Friday, Aug 18th, 2017 - 19:24:06

Philosophy

Manhatta: Die Großstädte und das Geistesleben (1903-21)

'The deepest problems of modern life derive from the claim of the individual to preserve the autonomy and individuality of his existence in the face of overwhelming social forces, of historical heritage, of external culture, and of the technique of life. The fight with nature which primitive man has to wage for his bodily existence attains in this modern form its latest transformation. The eighteenth century called upon man to free himself of all the historical bonds in the state and in religion, in morals and in economics. Man's nature, originally good and common to all, should develop unhampered. In addition to more liberty, the nineteenth century demanded the functional specialization of man and his work; this specialization makes one individual incomparable to another, and each of them indispensable to the highest possible extent. However, this specialization makes each man the more directly dependent upon the supplementary activities of all others... in all these positions the same basic motive is at work: the person resists to being leveled down and worn out by a social-technological mechanism. An inquiry into the inner meaning of specifically modern life and its products, into the soul of the cultural body, must seek to solve the equation which structures like the metropolis set up between the individual and the super-individual contents of life.'

'Las Hurdes: Tierra Sin Pan': Luis Buñuel (1933)

'The surrealist movement in poetry, literature, and film overlapped with the emerging discipline of modern anthropology in France. Writing about French culture between the wars, James Clifford has coined the term "ethnographic surrealism" to describe the intersection of anthropology and art in Paris in the 1920s and 1930s. Unlike traditional anthropological discourses, which strive to make the unfamiliar comprehensible, ethnographic surrealism, Clifford writes, "attacks the familiar, provoking the irruption of otherness -- the unexpected" (1988: 145). Luis Buñuel lived and worked in Paris during this period of interdisciplinary ferment.'

Noam Chomsky - #Occupy Boston (2011)

'The book includes an editor's note, a brief section providing legal advice for American Occupy activists, and five sections written by Chomsky himself. Occupy opens with an editor's note written by Greg Ruggiero, in which he explains the basics to Chomsky's views on the Occupy Movement, drawing quotes from his various public speeches in order to do so. Ruggiero also discusses Occupy's success in the United States, stating that it has helped to change media discussions by introducing terms like "the 99%" into popular discourse and also by bringing national attention to the plight of the impoverished. He remarks that the protest movement has not only helped to highlight the "heartlessness and inhumanity" of the socio-political system, but that it has also helped to provide solidarity with those "being crushed" under that system.'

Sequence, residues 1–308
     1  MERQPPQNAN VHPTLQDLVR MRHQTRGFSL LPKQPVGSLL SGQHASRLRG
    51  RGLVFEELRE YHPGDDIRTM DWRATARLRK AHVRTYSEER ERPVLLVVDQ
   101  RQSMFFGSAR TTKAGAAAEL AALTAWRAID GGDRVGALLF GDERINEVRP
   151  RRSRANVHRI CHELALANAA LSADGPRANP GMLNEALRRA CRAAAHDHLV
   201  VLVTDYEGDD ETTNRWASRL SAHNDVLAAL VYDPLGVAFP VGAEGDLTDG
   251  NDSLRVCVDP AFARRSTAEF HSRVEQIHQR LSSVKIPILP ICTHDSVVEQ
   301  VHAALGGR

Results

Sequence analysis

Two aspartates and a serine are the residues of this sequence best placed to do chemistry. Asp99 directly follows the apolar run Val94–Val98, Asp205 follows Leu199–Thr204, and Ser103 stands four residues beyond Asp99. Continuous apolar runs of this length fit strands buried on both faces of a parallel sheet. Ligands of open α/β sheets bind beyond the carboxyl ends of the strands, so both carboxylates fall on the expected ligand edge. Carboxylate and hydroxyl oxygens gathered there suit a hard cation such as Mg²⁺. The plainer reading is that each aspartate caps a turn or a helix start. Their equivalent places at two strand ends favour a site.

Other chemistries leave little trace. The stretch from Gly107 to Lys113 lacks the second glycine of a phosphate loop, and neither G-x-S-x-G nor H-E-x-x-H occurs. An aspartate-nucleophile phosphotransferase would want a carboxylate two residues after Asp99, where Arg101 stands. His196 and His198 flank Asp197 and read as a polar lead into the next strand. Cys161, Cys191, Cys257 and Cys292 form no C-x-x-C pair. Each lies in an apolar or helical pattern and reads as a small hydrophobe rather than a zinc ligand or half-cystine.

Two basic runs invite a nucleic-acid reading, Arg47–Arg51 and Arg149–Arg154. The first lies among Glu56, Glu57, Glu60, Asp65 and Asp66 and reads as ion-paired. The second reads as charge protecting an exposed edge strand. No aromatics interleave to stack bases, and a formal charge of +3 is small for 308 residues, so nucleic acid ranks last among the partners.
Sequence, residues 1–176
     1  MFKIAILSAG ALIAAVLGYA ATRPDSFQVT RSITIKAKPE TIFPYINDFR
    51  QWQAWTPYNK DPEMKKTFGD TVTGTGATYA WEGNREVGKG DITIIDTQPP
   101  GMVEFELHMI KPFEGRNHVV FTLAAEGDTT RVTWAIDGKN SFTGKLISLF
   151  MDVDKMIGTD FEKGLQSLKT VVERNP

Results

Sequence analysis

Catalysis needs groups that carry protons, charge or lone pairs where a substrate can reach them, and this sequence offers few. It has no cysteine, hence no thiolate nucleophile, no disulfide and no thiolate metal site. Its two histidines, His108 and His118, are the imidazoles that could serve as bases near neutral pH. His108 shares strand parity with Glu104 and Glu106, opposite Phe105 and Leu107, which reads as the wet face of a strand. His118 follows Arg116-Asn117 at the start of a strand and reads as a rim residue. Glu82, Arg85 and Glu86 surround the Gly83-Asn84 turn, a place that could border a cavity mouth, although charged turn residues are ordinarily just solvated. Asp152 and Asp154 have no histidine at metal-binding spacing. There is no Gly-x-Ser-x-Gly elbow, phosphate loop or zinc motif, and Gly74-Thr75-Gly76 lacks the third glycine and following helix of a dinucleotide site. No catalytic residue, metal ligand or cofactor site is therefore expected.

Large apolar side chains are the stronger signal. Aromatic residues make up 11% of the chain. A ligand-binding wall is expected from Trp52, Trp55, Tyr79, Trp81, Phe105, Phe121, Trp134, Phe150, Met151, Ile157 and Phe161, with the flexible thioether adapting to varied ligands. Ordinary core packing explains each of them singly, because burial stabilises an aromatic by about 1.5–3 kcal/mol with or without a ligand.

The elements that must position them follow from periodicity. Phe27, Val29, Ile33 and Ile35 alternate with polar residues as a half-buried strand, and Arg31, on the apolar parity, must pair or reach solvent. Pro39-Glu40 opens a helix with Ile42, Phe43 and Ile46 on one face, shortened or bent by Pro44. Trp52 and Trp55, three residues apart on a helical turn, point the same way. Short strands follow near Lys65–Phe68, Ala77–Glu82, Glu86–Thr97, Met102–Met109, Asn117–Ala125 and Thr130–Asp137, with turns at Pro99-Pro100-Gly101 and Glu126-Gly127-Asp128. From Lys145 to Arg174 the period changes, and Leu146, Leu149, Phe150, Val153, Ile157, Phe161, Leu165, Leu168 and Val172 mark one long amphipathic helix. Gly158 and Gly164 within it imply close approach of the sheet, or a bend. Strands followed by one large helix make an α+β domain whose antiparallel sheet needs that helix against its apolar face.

Deleuze & Guattari - "The Societies of Control"

"Historically, if the energetic machine expressed the disciplinary bourgeois society of the 18th and 19th centuries, computers, electronic and cybernetic machines express what Deleuze calls the 'society of control'. The latter cannot be separated from a shift in capitalism from speculation and accumulation towards circulation. The abstract and often dizzying process of buying and selling products in which the importance of marketing exceeds that of commodities themselves. Digital technologies that enable and accelerate circulation are part of a global networked society that has no outer border or limit."

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